Appropriate treatment strategy for ground glass opacity—dominant non-small cell lung cancer

Appropriate treatment strategy for ground glass opacity—dominant non-small cell lung cancer

Yoshinori Handa, Yasuhiro Tsutani, Morihito Okada

Department of Surgical Oncology, Hiroshima University, 1-2-3 Kasumi, Minami-ku, Hiroshima, Japan

Correspondence to: Yasuhiro Tsutani, MD, PhD. Department of Surgical Oncology, Research Institute for Radiation Biology and Medicine, Hiroshima University, 1-2-3-Kasumi, Minami-ku, Hiroshima 734-8551, Japan. Email:; Morihito Okada. Department of Surgical Oncology, Hiroshima University, 1-2-3 Kasumi, Minami-ku, Hiroshima 734-8551, Japan. Email:

Provenance: This is an Invited Editorial commissioned by Section Editor Yu-Zhen Zheng (Department of Thoracic Surgery, Affiliated Cancer Hospital & Institute of Guangzhou Medical University, Guangzhou, China).

Comment on: Sagawa M, Oizumi H, Suzuki H, et al. A prospective 5-year follow-up study after limited resection for lung cancer with ground-glass opacity. Eur J Cardiothorac Surg 2018;53:849-56.

Received: 16 June 2018; Accepted: 13 August 2018; Published: 24 August 2018.

doi: 10.21037/vats.2018.08.04

Lobectomy with lymph node dissection long has been the standard surgical treatment for non-small cell lung cancer (NSCLC). A landmark study by the Lung Cancer Study Group in 1995 made comparison between lobectomy and sublobar resection (segmentectomy or wedge resection) of stage IA NSCLC, and demonstrated that sublobar resection was associated with inferior overall survival (OS) and three times the local recurrence rate compared to lobectomy (1). Two years later, another prospective, multicenter nonrandomized study demonstrated a similar trend for increased local recurrence in patients undergoing sublobar resection (2). Consequently, sublobar resection has been applied only in patients unable to tolerate lobectomy as a “somewhat poor quality” substitute. Over the decades, lung cancers, especially many small lung cancers consisting of ground glass opacity (GGO), are increasingly diagnosed at early stages through the widespread use of high resolution computed tomography (HRCT) and low-dose helical CT for screening (3). Accordingly, mainly after 2000, many reports have demonstrated that patients with lung adenocarcinoma consisting of GGO component have good prognoses, and could be candidates for sublobar resection (4-6). Asamura et al. (4) demonstrated that patients who diagnosed with GGO dominant lung adenocarcinoma have an excellent prognosis. This prospective, multi-institutional study [Japan Clinical Oncology Group (JCOG) 0201] has shown that the 5-year OS was 96.7% for patients with a consolidation/tumor ratio (CTR) ≤0.5 and a ≤30 mm tumor, and 97.1% for those with CTR ≤0.25 and a ≤20 mm tumor. In addition, we demonstrated that patients with GGO-dominant (CTR ≤0.5) and ≤30 mm lung adenocarcinomas rarely had pathologically invasive tumors and had an excellent prognosis (5). This study showed that the 3-year recurrence-free survival (RFS) and the OS rates after sublobar resection were comparable to those after lobectomy, without significant differences in the GGO-dominant and ≤30 mm lung adenocarcinoma. Additionally, sublobar resection reportedly improves postoperative quality of life by preserving the pulmonary function (7,8). We emphasized that preserving as much healthy lung tissue as possible should result in less frequent operative morbidity and better postoperative quality of life. Moreover, the possibility for further resections is increased because patients with GGO-dominant lung cancers survive long enough to be at risk for next lung cancer (7). The lesser the amount of the initial resection, the more unrestricted the treatment options for subsequent lung cancers. Together with these situations, the speculation became whether patients with small lung cancer with GGO should undergo lobectomy, which is a more aggressive procedure than sublobar resection is. However, there is no clear evidence, because most of the previous reports were retrospective studies and their follow-up periods did not reach 5 years. To evaluate the validity of limited pulmonary resection for small adenocarcinomas with GGO clearly, Sagawa et al. (9) began a multi-institutional, prospective study in 2006 (JNETS 0601). With their criteria using HRCT, positron emission tomography imaging with 18F-fluorodeoxyglucose (FDG-PET) and intraoperative pathologic examination, limited resection was performed safely without any recurrence after a 5-year follow-up, and with well-preserved postoperative pulmonary function. The outcomes of this study were satisfactory.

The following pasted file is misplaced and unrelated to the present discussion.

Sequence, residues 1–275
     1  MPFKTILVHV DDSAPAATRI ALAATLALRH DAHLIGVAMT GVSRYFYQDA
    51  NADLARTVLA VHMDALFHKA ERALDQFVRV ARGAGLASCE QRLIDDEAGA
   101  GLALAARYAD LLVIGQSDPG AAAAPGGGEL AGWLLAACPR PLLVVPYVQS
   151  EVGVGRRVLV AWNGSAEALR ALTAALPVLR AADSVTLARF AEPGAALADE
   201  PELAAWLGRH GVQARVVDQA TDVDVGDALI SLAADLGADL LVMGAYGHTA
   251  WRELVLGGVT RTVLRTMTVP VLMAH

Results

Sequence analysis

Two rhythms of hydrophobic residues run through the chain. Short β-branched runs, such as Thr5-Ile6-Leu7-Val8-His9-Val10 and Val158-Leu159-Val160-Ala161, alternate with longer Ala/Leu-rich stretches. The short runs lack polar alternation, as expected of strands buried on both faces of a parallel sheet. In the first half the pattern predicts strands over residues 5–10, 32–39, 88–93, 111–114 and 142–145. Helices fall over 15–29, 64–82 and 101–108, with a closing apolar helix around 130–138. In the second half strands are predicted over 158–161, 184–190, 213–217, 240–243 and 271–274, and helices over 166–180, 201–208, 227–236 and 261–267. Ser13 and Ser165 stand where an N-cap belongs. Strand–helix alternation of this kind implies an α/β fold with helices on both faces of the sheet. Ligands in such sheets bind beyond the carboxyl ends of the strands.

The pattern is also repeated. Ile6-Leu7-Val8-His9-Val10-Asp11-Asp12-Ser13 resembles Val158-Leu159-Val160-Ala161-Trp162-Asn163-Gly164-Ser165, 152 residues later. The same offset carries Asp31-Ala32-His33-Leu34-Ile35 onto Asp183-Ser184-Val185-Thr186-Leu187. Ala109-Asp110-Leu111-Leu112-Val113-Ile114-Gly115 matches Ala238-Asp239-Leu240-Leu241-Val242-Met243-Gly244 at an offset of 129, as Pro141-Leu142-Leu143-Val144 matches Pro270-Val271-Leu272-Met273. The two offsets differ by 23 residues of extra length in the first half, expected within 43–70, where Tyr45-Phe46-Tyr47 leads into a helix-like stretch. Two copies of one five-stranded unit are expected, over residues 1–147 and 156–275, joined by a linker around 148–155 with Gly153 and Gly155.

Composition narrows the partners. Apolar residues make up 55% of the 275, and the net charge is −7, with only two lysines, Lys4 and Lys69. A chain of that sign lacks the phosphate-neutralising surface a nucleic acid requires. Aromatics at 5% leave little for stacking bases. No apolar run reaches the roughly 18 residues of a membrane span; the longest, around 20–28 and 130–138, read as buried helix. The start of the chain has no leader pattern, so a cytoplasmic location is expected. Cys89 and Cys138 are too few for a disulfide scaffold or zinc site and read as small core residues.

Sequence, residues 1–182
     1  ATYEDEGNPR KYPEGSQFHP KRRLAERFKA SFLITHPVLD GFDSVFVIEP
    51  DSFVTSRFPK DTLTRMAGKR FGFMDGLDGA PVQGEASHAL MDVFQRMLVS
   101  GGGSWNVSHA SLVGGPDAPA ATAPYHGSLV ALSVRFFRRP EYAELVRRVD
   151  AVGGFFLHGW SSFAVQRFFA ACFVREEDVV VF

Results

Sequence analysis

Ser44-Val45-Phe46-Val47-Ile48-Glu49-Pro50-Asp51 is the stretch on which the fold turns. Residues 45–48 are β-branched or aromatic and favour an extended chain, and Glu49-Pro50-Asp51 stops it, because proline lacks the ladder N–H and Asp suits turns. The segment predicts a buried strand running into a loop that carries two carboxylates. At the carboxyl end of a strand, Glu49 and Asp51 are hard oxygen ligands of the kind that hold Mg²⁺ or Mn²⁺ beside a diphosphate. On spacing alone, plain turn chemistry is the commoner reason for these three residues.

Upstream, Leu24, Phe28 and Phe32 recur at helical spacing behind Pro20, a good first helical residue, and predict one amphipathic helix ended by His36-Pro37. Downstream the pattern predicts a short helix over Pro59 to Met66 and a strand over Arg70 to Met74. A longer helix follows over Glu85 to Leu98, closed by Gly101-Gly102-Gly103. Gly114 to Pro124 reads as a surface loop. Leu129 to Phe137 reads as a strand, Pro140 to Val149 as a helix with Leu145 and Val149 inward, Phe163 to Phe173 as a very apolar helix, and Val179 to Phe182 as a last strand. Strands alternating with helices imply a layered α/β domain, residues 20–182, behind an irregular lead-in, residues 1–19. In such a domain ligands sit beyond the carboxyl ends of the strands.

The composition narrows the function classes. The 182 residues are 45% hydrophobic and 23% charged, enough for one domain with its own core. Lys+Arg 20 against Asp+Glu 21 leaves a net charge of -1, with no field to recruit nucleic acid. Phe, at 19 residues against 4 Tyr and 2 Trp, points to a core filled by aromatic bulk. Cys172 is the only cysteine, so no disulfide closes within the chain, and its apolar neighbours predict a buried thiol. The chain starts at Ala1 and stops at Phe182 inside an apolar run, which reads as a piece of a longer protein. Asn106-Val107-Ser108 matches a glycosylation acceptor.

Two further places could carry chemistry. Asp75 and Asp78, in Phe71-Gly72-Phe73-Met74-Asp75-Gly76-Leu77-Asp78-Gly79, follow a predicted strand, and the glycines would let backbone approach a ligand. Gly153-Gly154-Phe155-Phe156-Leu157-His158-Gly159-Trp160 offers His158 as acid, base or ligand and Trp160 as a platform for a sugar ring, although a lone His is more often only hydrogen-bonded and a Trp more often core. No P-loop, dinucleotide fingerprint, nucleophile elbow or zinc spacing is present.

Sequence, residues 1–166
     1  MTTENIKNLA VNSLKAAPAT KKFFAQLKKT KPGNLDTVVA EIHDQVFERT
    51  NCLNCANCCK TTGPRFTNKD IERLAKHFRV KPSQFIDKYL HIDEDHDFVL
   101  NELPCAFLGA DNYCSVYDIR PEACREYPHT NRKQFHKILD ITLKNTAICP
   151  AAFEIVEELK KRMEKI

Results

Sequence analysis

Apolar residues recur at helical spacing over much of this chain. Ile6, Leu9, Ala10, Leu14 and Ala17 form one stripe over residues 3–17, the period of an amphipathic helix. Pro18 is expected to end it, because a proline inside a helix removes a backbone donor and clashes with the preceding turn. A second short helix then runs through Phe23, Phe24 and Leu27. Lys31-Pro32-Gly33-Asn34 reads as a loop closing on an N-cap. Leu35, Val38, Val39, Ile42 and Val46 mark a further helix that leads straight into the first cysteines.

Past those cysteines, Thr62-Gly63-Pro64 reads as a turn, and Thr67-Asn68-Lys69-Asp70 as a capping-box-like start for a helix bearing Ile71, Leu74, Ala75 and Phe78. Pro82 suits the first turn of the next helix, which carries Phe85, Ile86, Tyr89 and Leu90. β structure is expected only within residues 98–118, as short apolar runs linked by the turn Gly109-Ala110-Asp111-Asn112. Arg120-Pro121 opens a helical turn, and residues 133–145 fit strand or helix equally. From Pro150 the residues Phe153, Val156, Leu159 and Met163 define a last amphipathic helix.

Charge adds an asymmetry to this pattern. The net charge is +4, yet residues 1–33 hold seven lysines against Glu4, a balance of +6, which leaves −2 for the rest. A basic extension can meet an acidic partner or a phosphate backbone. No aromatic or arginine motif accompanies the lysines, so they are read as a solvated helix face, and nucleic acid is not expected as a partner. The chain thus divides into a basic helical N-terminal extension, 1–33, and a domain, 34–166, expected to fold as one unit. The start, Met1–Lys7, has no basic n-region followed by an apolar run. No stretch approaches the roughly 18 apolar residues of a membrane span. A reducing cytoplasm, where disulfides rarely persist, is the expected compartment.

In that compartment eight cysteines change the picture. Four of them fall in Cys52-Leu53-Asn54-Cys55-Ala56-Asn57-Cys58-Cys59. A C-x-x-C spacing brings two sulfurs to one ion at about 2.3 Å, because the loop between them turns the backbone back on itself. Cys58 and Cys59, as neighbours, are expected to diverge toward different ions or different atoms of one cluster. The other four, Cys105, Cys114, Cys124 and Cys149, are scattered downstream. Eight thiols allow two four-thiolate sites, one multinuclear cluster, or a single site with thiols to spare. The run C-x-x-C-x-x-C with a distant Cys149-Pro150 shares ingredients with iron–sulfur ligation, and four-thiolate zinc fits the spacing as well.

They included a maximum tumor diameter of 8–20 mm, GGO ratio >80%, lower FDG accumulation than the mediastinum (grade 1 FDG accumulation), and an intraoperative pathologic diagnosis of bronchoalveolar carcinoma. After 5 years of follow-up (60.0–126.3 months), the original lung cancer had not recurred postoperatively. The 5-year disease-specific and OS rates were 100% and 98.1%, respectively, and pulmonary function was minimally reduced after limited resection. Their results were more distinct than those of the previous studies and indicated that patients who met their protocol criteria did not require pulmonary lobectomy, and that limited resection, mainly wedge resection, was sufficient.